How to deal with conflict as a leader

How to deal with conflict as a leader

Company conflict can appear in a variety of circumstances and develop in small or large businesses, within departments, on a team, or between individuals. It’s crucial that leadership handles each conflict appropriately when striving to manage, contain and resolve the issue. Successful conflict management will allow your business to continue to adapt and give your employees the opportunity to grow.

Be aware

As a leader, it is your job to be cognizant of how your team is working and to always be on top of your business. Continue to ask questions, check in, and analyze. Create focus groups, facilitate discussions and regularly review work processes and the productivity of team members. Be introspective and reflect on any conflict that arises and readjust to move your company forward in a positive trajectory.

Time it right

Timing is everything when it comes to managing conflict in the workplace. It might need to be addressed immediately or it might be better to wait until some of the heat fizzles. As a leader, recognize when the timing is appropriate to discuss a conflict but don’t avoid the situation for too long, as it will only worsen.

Write it down

As a leader, your decision-making skills must always be sharp. When a conflict emerges, if you have the time, jot your thoughts down on paper. Writing things down can help put the conflict into perspective and if you take a moment to step away, you might see a new angle or find a valuable solution that you didn’t think of before.

Be vulnerable

You’ve probably heard the phrase, “Honesty is the best policy.” It’s true! Be open, honest and direct when dealing with conflict whether it includes you or not. Transparency from all parties involved can provide clarity and foster authenticity, and it starts with you. Speak frankly and share with your team. Being open about issues can help to build trusting relationships centered around respect.

Listen actively

When learning of a conflict in your business, don’t be reactionary. Listen to understand instead of listening to respond. Acknowledge the feelings of all involved and let them know that they’ve been heard. Be compassionate and empathetic, show respect, and give attention to all parties without interruption. It is your role as a leader to mediate but not rush the process. This will help you see all perspectives and it gives you a chance to gather all of the facts so that you know how to best proceed.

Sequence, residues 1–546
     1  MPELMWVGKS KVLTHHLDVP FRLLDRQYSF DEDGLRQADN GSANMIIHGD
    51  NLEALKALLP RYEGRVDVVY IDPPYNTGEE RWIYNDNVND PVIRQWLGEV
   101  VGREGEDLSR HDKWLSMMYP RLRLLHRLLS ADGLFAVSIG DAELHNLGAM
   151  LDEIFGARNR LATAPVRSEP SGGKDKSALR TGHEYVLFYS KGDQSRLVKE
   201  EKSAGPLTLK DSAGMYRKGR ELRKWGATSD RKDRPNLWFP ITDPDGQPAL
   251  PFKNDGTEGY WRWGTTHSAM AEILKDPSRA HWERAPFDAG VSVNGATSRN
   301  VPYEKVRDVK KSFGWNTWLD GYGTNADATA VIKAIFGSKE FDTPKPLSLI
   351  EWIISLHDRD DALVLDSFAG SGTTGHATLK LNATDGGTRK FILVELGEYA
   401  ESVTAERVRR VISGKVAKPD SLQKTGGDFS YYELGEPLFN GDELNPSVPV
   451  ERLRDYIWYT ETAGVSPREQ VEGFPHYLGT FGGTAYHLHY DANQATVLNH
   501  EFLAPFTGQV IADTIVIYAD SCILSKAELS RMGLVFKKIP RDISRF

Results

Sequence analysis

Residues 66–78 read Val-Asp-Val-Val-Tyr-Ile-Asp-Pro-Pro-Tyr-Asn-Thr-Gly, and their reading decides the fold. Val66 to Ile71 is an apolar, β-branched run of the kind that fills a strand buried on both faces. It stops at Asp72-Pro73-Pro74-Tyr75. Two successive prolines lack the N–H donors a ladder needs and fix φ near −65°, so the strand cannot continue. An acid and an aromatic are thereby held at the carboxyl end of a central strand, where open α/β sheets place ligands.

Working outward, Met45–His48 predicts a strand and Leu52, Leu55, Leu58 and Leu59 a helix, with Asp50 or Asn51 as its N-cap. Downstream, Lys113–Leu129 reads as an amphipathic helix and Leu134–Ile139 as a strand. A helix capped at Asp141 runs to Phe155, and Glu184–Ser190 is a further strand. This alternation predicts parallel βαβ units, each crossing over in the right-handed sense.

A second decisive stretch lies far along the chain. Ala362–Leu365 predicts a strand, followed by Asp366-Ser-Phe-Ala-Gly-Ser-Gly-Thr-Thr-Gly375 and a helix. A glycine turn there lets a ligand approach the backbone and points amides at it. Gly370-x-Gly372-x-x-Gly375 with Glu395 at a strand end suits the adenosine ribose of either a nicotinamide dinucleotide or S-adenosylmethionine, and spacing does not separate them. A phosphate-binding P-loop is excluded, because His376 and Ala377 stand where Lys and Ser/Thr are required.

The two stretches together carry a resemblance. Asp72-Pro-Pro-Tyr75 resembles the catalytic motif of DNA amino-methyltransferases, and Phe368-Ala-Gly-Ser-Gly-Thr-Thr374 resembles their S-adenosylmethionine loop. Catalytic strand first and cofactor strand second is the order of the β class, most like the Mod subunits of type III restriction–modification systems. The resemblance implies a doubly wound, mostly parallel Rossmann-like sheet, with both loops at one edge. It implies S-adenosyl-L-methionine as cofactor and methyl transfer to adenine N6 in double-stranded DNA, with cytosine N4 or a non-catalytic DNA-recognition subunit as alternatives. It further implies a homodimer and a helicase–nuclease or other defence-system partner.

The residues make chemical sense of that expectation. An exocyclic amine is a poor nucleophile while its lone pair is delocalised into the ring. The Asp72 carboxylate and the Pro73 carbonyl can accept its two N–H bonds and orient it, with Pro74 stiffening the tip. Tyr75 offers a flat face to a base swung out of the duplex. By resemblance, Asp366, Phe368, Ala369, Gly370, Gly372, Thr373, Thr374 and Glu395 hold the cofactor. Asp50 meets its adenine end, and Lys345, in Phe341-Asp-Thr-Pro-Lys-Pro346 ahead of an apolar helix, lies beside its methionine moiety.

Learn from the conflict

A conflict doesn’t have to be completely negative; there’s a teaching and learning moment for your team in every conflict or hurdle that appears. Take full advantage of this opportunity for growth and development and learn what needs to change so that a similar conflict can be avoided in the future.

Make a change

Once you have learned and understood the issue at hand, come out of the trenches with positive statements. Enact change whether that’s a compromise between employees, a structure or culture adjustment, or a reordering of a team or department. Put your solution into action.

The workplace is continually evolving to be more generationally and culturally diverse and will always be filled with different personalities. The impactful moment is not when conflict arises within a company but it’s how the conflict is managed by its leadership team.

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